Yeltsin's Win Signals Fresh Start Of Campaign for Market Economy
MOSCOW — HAVING won a majority of the people, Boris Yeltsin must now reach a lasting agreement with the Kremlin before he can start creating a market economy in the Russian Federation. But securing an enduring peace with Soviet President Mikhail Gorbachev could prove much harder than winning Wednesday's election.
The Russian leader won 57.3 percent of the first-ever vote for Russian president, aides claimed yesterday. Electoral officials reported that 75 percent of the republic's 105 million eligible voters participated. The independent Interfax news agency, in unofficial results, said Mr. Yeltsin won 70 percent of Moscow's vote, 65 percent in Leningrad, and 90 percent in his native Sverdlovsk.
In Leningrad, about 55 percent of the voters unexpectedly gave approval to the idea of changing the city's name back to St. Petersburg, Interfax reported. The change would have to be approved by the Russian parliament, however.
Bolstered by victory at the polls, Yeltsin has a popular mandate that makes him a much more formidable negotiating partner. It will be more difficult for Mr. Gorbachev, who was elected by the Soviet parliament and has never faced a popular test, to make Yeltsin give ground, political observers say.
As a result, many Russians say that instead of agreement, there could be further confrontation between the two most powerful political figures in the nation.
``Only bad things will happen with Yeltsin as president of Russia,'' predicts Valentin Malushin, chairman of the election commission in the village of Borodino, about 75 miles east of Moscow.
``The political battles will just continue and nothing will get done,'' Mr. Malushin adds. ``The people are tired and they want to see improvements.''
Yeltsin and Gorbachev have said they are prepared to cooperate with each other. Along with leaders of eight other Soviet republics, they say they are close to putting the final touches on a new treaty, which would redefine the relationship between the central and the republican governments. But there are still some difficult issues to be resolved, namely the structure of the new taxation system, Yeltsin says.
There is also the question of the amount of the Soviet foreign debt that the republics will take on. Russian Prime Minister Ivan Silayev has said Russia, which contains about 147 million (52 percent) of the Soviet Union's 280 million people, is responsible for 60 percent of the estimated $70 billion debt. Yeltsin, however, feels the percentage still has to be worked out, the independent Interfax news agency reported.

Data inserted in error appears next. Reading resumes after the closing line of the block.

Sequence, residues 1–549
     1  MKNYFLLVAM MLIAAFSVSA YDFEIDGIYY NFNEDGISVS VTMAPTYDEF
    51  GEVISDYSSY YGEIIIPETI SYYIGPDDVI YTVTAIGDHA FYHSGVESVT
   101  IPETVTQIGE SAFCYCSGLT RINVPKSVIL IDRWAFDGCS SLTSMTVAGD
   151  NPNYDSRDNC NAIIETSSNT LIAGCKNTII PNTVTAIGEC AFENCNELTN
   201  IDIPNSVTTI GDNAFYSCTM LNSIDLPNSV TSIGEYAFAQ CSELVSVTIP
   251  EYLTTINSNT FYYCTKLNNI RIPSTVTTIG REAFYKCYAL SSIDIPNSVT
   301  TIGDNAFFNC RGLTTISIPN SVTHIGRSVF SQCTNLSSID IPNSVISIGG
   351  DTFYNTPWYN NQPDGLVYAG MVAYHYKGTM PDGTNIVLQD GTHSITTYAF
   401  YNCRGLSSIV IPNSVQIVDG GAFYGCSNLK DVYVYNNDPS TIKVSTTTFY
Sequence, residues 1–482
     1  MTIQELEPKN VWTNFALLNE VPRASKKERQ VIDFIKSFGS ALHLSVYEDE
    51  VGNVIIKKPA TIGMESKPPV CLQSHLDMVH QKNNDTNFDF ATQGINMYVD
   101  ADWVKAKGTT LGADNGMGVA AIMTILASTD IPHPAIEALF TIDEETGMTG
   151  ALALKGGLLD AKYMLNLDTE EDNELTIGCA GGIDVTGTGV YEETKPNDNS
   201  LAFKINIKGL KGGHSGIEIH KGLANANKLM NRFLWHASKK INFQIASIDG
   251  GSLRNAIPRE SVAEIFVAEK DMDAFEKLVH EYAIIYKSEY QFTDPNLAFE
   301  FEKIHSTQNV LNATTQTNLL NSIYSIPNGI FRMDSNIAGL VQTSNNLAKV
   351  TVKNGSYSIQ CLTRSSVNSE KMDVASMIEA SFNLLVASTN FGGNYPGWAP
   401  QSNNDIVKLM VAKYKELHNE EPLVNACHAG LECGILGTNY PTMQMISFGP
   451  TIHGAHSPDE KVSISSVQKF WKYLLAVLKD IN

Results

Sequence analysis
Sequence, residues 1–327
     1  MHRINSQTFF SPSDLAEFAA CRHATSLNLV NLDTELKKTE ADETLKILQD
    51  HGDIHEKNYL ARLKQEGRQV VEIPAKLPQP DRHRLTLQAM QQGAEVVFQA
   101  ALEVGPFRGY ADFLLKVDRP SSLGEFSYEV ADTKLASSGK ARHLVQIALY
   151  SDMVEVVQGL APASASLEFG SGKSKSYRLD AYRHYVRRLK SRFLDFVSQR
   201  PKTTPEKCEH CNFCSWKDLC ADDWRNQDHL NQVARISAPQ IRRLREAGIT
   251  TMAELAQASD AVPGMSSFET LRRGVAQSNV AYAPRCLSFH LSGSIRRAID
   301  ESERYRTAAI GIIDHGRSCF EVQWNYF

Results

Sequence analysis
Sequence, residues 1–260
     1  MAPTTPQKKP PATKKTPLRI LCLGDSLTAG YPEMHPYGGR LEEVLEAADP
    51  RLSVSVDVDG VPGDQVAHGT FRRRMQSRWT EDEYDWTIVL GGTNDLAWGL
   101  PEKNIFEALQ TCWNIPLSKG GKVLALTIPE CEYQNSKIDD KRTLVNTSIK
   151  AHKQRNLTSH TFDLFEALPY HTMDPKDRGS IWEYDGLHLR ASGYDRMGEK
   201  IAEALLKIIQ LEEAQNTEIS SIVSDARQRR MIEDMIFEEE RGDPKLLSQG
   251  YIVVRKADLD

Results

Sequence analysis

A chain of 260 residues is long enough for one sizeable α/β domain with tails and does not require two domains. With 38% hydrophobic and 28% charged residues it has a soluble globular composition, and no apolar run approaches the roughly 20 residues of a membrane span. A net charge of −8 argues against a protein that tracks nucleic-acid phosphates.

``There are different opinions. But each meeting brings new progress,'' said Yeltsin before casting his vote in the presidential election. He has indicated the treaty could be ready in July.
In the dispute over taxes, Yeltsin wants a one-tiered tax structure, in which all revenue goes first to the republic, which then passes along a share to the central government. Gorbachev is fighting for a two-tiered system, in which some revenue goes straight into Kremlin coffers. The dual system could cost Russia up to 50 billion rubles (about $29.4 billion at the commercial exchange rate) in lost revenue annually, Yeltsin says.
Though he adds that he is facing pressure from other republican leaders to accept the two-tiered system, as the newly elected leader of the largest and richest of the Soviet Union's 15 republics, Yeltsin may have the extra clout to get his way.
In any case, it is in Yeltsin's best interests to sign the union treaty, Gorbachev told the official Tass news agency before casting his Russian presidential ballot.
``Russia has got a good deal of its own problems,'' Gorbachev said. ``This is a huge republic that brings together many peoples. In this respect, the new leadership of the republic, just as the leadership of the country, is faced with urgent, literally crying, tasks which must be addressed.''
Yeltsin hopes to cure the Russian Federation's economic woes by proceeding with a transition to a market economy. To do it, he'll need harmonious relations with the central government, officials say. Laws that have already been passed, including one on land privitization, have not been effective because of opposition from the center, as well as the entrenched bureaucracy.
Shortly after the election, Yeltsin plans to shift reform into high gear, driven by a wide-ranging plan to privatize state-owned industries.
The government wants to privatize at least 20 percent of state property by the end of 1992, says Russian Deputy Prime Minister Mikhail Malei, author of the plan. Eventually all but 30 percent of state property would be sold off.
Each citizen would be entitled to coupons worth 7,000 rubles (about $4,117) which they could use to buy shares in an enterprise. At least 30 percent of the shares in each enterprise would be distributed to the workers, with the remainder available to the general public. The plan would start with food and light industry.
``The main aim of the privatization of state property is not to create rich people, but to stimulate economic development and growth in labor productivity, providing workers with motivation,'' Mr. Malei says.
Yeltsin also intends to increase foreign contacts, hoping to attract investment. A two-day trip to the United States could take place as early as next week, US officials say. Yeltsin has said he also wants to visit South Korea.
Foreign forays by Yeltsin could actually renew and intensify the confrontation with Gorbachev, especially if the Russian president receives assurances of economic assistance, officials say.